Note: Upon further reflection, the earlier version of this piece was probably a bit too harsh. But, hey, I admit it. I've edited the post to reflect that. Everyone gets a bit too fired up from time to time. I'm no different.
Toeing the rubber for the Yankees in this critical game was the Bronx-version of John Lackey--a highly paid free agent pitcher that has, at a minimum, not lived up to their contract, and has often exited games much earlier than the Yankees and their fans would like.
Burnett lasted 5 and 2/3 innings last night and left the game with only a single run allowed against the Tigers.
This morning, ESPN.com featured a story about the game with the following tease: "Turns out New York had nothing to fear. A.J. Burnett? Good. The Yankees? Even better."
Maybe I'm just overly sensitive (which I admit I might be), but I think Burnett's performance was just as much about luck as it was about him being "good". Despite allowing only one run during his 5+ innings of work, Burnett was fortunate to escape without further damage, especially given how he pitched.
First, Burnett gave up four hits and walked four three batters in 5 2/3 innings. That means he finished the game with a WHIP (walks plus hits per inning) of 1.50. His seasonal WHIP? 1.43. So he actually allowed more base runners per inning than during his regular season, which most would characterize as far from "good".
Burnett gave up four hits and walked three batters in 5 2/3 innings. That means he finished with a WHIP of roughly 1.24 for the game. To his credit, that's better than his season average of 1.43. He also had a swinging strike percentage of 12% last night, which was better than his seasonal average of 10%. So, to his credit, he was missing bats at a good clip. However, he had one of the highest swinging strike percentages in the AL this year and still performed poorly overall. If you are going to say Burnett was good last night, but bad during the season, I think that's hard to square.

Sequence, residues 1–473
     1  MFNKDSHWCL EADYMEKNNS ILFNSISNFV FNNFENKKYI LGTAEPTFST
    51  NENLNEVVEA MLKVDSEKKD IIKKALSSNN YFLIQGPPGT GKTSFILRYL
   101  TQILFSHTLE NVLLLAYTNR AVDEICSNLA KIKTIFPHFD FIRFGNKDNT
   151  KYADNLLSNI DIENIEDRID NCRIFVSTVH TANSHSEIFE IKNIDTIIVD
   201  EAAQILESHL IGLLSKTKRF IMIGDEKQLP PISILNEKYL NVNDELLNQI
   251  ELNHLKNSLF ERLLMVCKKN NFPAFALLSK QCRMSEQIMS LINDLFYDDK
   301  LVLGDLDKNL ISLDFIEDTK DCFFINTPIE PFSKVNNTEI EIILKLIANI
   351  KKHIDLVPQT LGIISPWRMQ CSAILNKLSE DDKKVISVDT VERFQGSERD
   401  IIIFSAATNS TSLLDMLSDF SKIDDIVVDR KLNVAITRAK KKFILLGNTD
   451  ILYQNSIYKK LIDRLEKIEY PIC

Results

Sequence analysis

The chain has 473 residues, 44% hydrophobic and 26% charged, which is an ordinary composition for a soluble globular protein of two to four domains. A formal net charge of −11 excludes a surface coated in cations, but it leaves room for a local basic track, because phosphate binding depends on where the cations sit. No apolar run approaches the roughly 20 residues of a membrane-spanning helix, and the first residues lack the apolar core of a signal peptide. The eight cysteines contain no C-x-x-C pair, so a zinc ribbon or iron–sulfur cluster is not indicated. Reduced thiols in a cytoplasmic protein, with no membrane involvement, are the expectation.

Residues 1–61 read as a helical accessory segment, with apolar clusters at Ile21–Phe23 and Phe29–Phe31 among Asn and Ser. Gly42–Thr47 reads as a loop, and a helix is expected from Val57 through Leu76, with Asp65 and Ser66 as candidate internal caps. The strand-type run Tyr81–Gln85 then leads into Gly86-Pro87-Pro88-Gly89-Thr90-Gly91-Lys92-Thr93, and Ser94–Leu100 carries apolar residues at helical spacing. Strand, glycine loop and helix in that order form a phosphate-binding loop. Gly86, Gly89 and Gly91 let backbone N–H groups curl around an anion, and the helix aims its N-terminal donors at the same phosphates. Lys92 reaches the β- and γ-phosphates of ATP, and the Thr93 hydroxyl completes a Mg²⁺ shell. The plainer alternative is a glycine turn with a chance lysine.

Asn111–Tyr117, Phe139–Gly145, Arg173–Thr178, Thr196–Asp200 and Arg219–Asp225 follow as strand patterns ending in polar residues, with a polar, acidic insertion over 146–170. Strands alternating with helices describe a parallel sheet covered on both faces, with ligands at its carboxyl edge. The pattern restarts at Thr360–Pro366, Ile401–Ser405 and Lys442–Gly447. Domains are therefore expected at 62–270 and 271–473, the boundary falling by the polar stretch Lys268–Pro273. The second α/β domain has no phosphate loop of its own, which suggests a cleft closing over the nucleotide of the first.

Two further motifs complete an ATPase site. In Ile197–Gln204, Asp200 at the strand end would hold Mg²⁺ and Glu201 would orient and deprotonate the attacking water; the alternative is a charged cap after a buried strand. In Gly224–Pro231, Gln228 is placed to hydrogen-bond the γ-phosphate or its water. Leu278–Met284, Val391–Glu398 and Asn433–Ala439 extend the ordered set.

Burnett's K/BB ratio was 1.00, and out of his 81 pitches, 49 went for strikes (a strike-to-ball ratio of only 1.5). So not only did Burnett provide three free passes through 5+ innings, he didn't exactly make up for it through strikeouts. If he had been pitching that well, I would have expected a better K/BB ratio and more than three K's through 5+ innings. In fact, on the season he had a K/BB of over 2.00.
Finally, Burnett benefited from a ridiculously low BABIP against last night. The Tigers only batted .190 on balls in play during Burnett's time on the mound. During the regular season, Burnett had a BABIP against on ground balls of .238. Last night? The Tigers went 0-10 on ground balls.
They fared better on line drives, going 3-5 (.600) but that was also a bit lower than Burnett's seasonal average (.701). More importantly, one of the liners that was converted for an out was a two-out, bases-loaded laser to center that Curtis Granderson made an amazing play on. Had that ball fell in for a hit, Burnett's line would look a whole lot different, and that's where luck can have such a huge impact.
BABIP for a single game is certainly not definitive, and it's tricky to interpret, but I think it provides a baseline off of which to say Burnett benefited from a good helping of luck.
Add all this together and it's really hard to say that Burnett, on balance, was "good" last night without also mentioning how lucky he was. The only way you do this is by focusing on the runs against. This isn't a dig at Burnett so much as the editors of ESPN.com. That start was just as much about luck as it was about Burnett. And most of what I read at ESPN this morning seemed more than happy to gloss over that fact.
Data courtesy of Baseball-Reference, FanGraphs, and Brooks Baseball